Coronavirus-fueled demand for hygiene products and comfort foods is helping Unilever and other consumer-product giants bounce back from years of sluggish growth.
The maker of Ben & Jerry’s ice cream and Lifebuoy soap reported a 4.4% increase in underlying sales for the third quarter, more than double the consensus analyst forecast.
The strong performance echoes results from other makers of food and cleaning products, with Procter & Gamble, earlier this week, raising its earnings forecast and Lysol maker Reckitt Benckiser Group saying revenue throughout 2020 will increase by the most in at least a decade. Nestlé reported strong sales of Purina pet food.
Unilever shares gained 1.2% in early London trading.
Though the pandemic and lockdowns have caused the worst economic downturns in recent memory and hit companies hard in industries ranging from airlines to restaurants, stay-at-home edicts have revived demand for staples that had fallen out of fashion.
For the past decade, the likes of Unilever, Reckitt Benckiser and Nestlé struggled as shoppers shifted towards niche food brands while favouring private-label or discount cleaners. The pandemic has changed that as consumers stock up larders and scrub down bathrooms.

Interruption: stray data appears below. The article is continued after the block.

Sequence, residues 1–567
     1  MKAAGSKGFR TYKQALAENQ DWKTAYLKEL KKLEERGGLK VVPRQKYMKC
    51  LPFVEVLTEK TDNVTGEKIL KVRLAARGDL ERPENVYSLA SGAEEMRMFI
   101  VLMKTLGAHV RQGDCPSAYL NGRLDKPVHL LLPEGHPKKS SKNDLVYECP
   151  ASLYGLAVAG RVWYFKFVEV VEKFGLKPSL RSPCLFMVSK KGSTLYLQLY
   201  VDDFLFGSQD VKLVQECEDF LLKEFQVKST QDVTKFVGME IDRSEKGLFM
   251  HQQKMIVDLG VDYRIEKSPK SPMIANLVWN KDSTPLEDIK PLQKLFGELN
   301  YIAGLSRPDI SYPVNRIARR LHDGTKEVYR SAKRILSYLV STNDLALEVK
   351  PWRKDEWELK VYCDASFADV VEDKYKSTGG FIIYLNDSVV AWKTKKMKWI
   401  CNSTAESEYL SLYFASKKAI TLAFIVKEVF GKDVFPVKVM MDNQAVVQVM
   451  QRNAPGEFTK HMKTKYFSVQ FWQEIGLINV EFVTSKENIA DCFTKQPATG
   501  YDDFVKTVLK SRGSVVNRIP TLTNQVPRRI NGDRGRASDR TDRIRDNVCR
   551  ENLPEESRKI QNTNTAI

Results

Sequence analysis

Underlying sales of Unilever’s skin-cleansing products increased almost 20%. Growth was supported by Dove’s entry into the antibacterial segment, and the extension of Lifebuoy into new formats.
“We’re investing heavily in marketing our brands and behind innovation tailored to the changing environment as consumers learn to live with Covid-19,” CEO Alan Jope said.
Lifebuoy is now one of about a dozen brands in the company with revenue of more than €1bn after Unilever introduced it in more markets, such as the UK, where it’s advertising the product with free hand sanitiser stations at Tesco supermarkets.
Shoppers also stocked up on germ-killing products as the company cut prices in its home-care division. Unilever started selling Domestos bleach in China and a new Omo laundry detergent in Latin America.
Before the pandemic, Unilever and Nestlé moved to revamp their portfolios, with Nestlé shedding its US confectionery arm while Unilever, which owns Marmite, sold its spreads business. Unilever is also conducting a review of much of its tea unit as demand slows.
The company has moved to consolidate its headquarters in the UK, ending a cumbersome Anglo-Dutch structure that has made major mergers and acquisition activity more complicated. Unilever doesn’t immediately envision significant deals, Jope said. Growth in Unilever’s food and refreshments arm was held back by restaurant closures, but the unit was boosted by at-home consumption of ice cream and other packaged goods.
Consumers stocked up at supermarkets and online, with Unilever’s e-commerce business growing 76% in the quarter, with revenue of about €3.7bn.
Growth in Latin America was strong, in part due to cash payments the Brazilian government handed out to communities in need, CFO Graeme Pitkethly said. That support is expect to taper off slightly in the fourth quarter.